Having finished this book, I can't recall what made me decide to read it in the first place. I can't think of much to recommend it.
The basic premise sounded OK (and maybe that was why I borrowed it)--an elderly woman, Bernice, stops by the apartment of her deceased friend's daughter, Janet. Bernice is a member of a small church group (which is "notacult"), and her reverend has announced that the Rapture will visit them that very night. Naturally, she's concerned about who will feed her pets, so she drafts Janet to do it for her. Janet, meanwhile, has her own problems to deal with. And in the course of the next two days, these two women's problems multiply and intersect.
I'm sure this book had its moments, but it's hard to recall any right now. The problem with this book is that it was not bad per se but more blah. While the beginning and ending were ok, the middle took a wrong turn near Albuquerque and rapidly degenerated into a Picasso painting instead of a novel. There were characters who popped up, only never to be seen again (Wayne, Bobby) and characters who were completely unbelievable (Big Baby Dog). On top of that, the narrative style grated on my teeth. I had an easy time getting through it--that was the problem. This is unfortunately one of those books where you can just skim through without paying much attention to what happens. So in order to get any idea of what was going on, in case I was missing the part where "it gets good," I had to trudge slowly through every sentence.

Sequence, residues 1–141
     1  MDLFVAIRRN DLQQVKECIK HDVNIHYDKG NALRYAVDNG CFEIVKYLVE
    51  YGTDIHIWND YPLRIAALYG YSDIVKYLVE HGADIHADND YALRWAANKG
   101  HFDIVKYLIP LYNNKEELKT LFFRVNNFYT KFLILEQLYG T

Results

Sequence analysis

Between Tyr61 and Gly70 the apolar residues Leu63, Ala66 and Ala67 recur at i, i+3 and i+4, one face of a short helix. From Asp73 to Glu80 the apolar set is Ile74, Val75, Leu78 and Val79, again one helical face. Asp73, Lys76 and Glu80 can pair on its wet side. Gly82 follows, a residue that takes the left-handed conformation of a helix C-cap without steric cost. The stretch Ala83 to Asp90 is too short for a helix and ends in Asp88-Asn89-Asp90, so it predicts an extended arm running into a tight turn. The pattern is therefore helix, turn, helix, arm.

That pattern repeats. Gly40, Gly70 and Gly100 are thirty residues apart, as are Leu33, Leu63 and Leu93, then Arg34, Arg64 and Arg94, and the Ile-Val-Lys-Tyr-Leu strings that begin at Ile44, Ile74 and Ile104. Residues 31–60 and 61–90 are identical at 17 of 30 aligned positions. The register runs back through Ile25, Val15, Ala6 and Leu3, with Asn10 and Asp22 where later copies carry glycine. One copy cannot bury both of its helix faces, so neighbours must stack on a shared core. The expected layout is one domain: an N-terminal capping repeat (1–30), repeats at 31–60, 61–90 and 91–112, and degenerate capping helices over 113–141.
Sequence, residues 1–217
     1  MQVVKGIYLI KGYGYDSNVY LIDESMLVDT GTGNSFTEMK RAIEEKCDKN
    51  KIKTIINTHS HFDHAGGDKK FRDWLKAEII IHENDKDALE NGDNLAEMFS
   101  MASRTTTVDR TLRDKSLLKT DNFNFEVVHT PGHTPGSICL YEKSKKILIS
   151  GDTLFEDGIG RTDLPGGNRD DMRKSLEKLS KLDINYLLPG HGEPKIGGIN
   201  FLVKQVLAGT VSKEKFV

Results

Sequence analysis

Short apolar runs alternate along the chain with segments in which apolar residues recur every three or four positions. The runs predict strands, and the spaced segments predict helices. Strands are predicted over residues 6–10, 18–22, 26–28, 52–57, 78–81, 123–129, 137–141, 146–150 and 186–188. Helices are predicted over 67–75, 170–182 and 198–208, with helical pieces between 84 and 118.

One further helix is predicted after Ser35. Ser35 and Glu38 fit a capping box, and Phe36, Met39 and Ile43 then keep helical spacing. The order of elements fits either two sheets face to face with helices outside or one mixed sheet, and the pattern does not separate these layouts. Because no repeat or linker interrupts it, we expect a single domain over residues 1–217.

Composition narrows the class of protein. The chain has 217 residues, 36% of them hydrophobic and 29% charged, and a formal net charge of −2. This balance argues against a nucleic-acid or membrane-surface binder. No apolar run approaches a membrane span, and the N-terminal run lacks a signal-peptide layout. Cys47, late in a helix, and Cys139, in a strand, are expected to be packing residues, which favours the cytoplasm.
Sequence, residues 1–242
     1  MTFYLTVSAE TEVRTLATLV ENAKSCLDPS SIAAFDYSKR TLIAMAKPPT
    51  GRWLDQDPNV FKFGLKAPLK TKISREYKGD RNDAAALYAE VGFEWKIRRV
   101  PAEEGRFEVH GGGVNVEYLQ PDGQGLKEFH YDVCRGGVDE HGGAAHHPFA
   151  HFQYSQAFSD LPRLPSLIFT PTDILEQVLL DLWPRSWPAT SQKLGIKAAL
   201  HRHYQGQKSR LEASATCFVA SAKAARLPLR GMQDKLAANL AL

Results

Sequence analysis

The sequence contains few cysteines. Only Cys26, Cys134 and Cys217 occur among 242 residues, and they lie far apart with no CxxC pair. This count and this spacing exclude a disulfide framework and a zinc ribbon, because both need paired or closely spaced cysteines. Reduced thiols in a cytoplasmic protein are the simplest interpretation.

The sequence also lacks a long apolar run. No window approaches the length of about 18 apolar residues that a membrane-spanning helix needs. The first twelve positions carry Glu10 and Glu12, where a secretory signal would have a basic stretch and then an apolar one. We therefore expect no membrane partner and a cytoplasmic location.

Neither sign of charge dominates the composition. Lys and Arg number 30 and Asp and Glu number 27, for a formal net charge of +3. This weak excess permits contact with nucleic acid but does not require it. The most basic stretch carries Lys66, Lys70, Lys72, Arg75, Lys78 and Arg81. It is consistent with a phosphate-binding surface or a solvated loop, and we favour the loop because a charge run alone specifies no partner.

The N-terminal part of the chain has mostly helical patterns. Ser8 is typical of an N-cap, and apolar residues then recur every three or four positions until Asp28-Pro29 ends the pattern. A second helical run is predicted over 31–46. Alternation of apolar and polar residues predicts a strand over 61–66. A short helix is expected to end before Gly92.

Both of the main characters were annoying. Bernice is self-centred and judgemental, so much so that Rabe has to introduce an even more exaggerated version of her character (uber-Bernice!) in the form of Bernice's friend Hazel to offset Bernice's own flaws. Still, whatever her follies, Bernice has one redeeming quality: at the end of the book, she actually takes it upon herself to initiate change. Janet, on the other hand, begins the book fucked up and stays that way, it seems. Her last couple of chapters consist of a semi-inebriated/high journey back home from the house of a young man she taught in fourth grade about ten years ago (whom she had unsuccessfully tried to seduce after becoming drunk). As far as I can make out, she apparently arrives back at her apartment intact and promptly considers it a victory over all the men in her life who have let her down. Or something like that.
If Rabe was trying to make a point (other than the nice but obvious theme that "forgiveness is good and will set you free"), I missed it because of the bland pill of a story I had to swallow. It's a shame, because "Dinosaurs on the Roof" is such a good title, and now this book has gone and wasted it.